SIBO, small intestinal bacterial overgrowth, has been on my mind recently. For a long time it wasn’t looked for, talked about or even really known about by many healthcare providers here in Byron Bay and Australia in general.
Things are changing. Thanks to new and affordable testing, growing evidence and increased education, SIBO is now on the radar.
I can feel a deep dive into the literature coming soon! Until then I wanted to share a paper I’ve recently come across finding a correlation between the skin and the gut.
Big surprise right.
A Primer on SIBO – What’s it all About?
Small intestinal bacterial overgrowth (SIBO) occurs when our gut microbes set up shop where they shouldn’t be.
In most cases the stomach is relatively sterile, owing to its very acidic nature. The small intestine is slightly more populated than the stomach but compared to the large intestine (large bowel, colon) it is relatively uninhabited. More than 70% of our gastro-intestinal microbes live in the colon (1).
That’s the layman’s definition, here is a more scientific take on SIBO
“Small intestinal bacterial overgrowth (SIBO) is defined as an unexpected microbial
concentration in the jejunal aspirate culture and is caused by numerous predisposing disorders, including the reduction of gastric acid secretion, intestinal motor and anatomic abnormalities, and immune function impairment (2)”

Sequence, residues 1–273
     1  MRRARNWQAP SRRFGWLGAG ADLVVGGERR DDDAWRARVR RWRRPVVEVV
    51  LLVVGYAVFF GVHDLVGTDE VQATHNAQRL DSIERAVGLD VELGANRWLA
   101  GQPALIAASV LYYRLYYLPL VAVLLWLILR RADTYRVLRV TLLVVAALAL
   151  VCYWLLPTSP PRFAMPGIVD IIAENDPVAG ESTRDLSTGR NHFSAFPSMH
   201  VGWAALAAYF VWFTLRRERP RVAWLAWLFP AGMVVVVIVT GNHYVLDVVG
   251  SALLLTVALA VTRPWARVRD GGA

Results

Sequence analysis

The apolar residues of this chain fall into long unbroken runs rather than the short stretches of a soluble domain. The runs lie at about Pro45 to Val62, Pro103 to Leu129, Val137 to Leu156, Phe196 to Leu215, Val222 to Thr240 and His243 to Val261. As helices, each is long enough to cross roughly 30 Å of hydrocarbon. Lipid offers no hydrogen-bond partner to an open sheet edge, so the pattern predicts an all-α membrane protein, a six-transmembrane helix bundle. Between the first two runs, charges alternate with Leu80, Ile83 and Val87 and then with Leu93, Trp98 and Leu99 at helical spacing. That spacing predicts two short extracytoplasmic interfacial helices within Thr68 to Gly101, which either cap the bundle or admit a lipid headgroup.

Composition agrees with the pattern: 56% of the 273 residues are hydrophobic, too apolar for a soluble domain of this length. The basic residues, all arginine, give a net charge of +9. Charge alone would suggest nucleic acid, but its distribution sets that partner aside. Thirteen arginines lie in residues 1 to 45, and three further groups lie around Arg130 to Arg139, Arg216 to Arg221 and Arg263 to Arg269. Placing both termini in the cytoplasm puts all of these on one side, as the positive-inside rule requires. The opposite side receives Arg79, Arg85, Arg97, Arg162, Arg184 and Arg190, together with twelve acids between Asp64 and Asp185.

Some symptoms of SIBO include (3)
- chronic pain
- vitamin B12 deficiency
The Gut-Skin Axis. How Is it Connected?
It shouldn’t surprise anyone that an imbalanced gut can lead to skin disorders. The outside is very much a reflection on what is happening inside. Bacterial overgrowths and parasite infections leading to a disrupted gut microbiome can appear as skin issues.
The paper Small Intestinal Bacterial Overgrowth in Rosacea: Clinical Effectiveness of Its Eradication looked into the possible correlation between rosacea and SIBO.
Rosacea is a reasonably common skin disorder that shows up as chronically inflamed skin on the facial area. Many people that suffer from rosacea also report GI disorders as well.
From 113 patients with rosacea 52 came back positive when tested for SIBO.
A whopping 46% of people with rosacea had small intestinal bacterial overgrowth.
Comparing that to the healthy controls of only 3 people out of 60, or 5%.
Treating the Gut and Healing the Skin
The intervention in the study used a nonsystemic antibiotic, rifaximin, generally used as frontline therapy in allopathic medicine. Interestingly over 70% of the people receiving treatment experienced a complete clearing of the rosacea lesions, over 20% experienced improvement in symptoms and only 2 people’s skin conditions did not improve.
Comparing that to the placebo arm that did not receive treatment not one person experienced an improvement in their rosacea condition and 2 people’s condition actually worsened.
The interesting part of this trial is in the cross over. The placebo arm, so far with no improvement, were put on the antibiotic. 75% experienced complete clearance of the lesions while another 10% had improvements.
Now What Does This Tell Us?
Does SIBO cause rosacea?
Or is merely associated with the skin condition?
Does the rifaximin antibiotic address both SIBO and rosacea?
All these questions are tricky to answer but the study definitely adds weight to the Gut-Skin axis discussion that many researchers and clinicians are working on untangling.
If you are struggling with skin issues such as rosacea then it is possible that SIBO is the root cause. Leave a comment below with your thoughts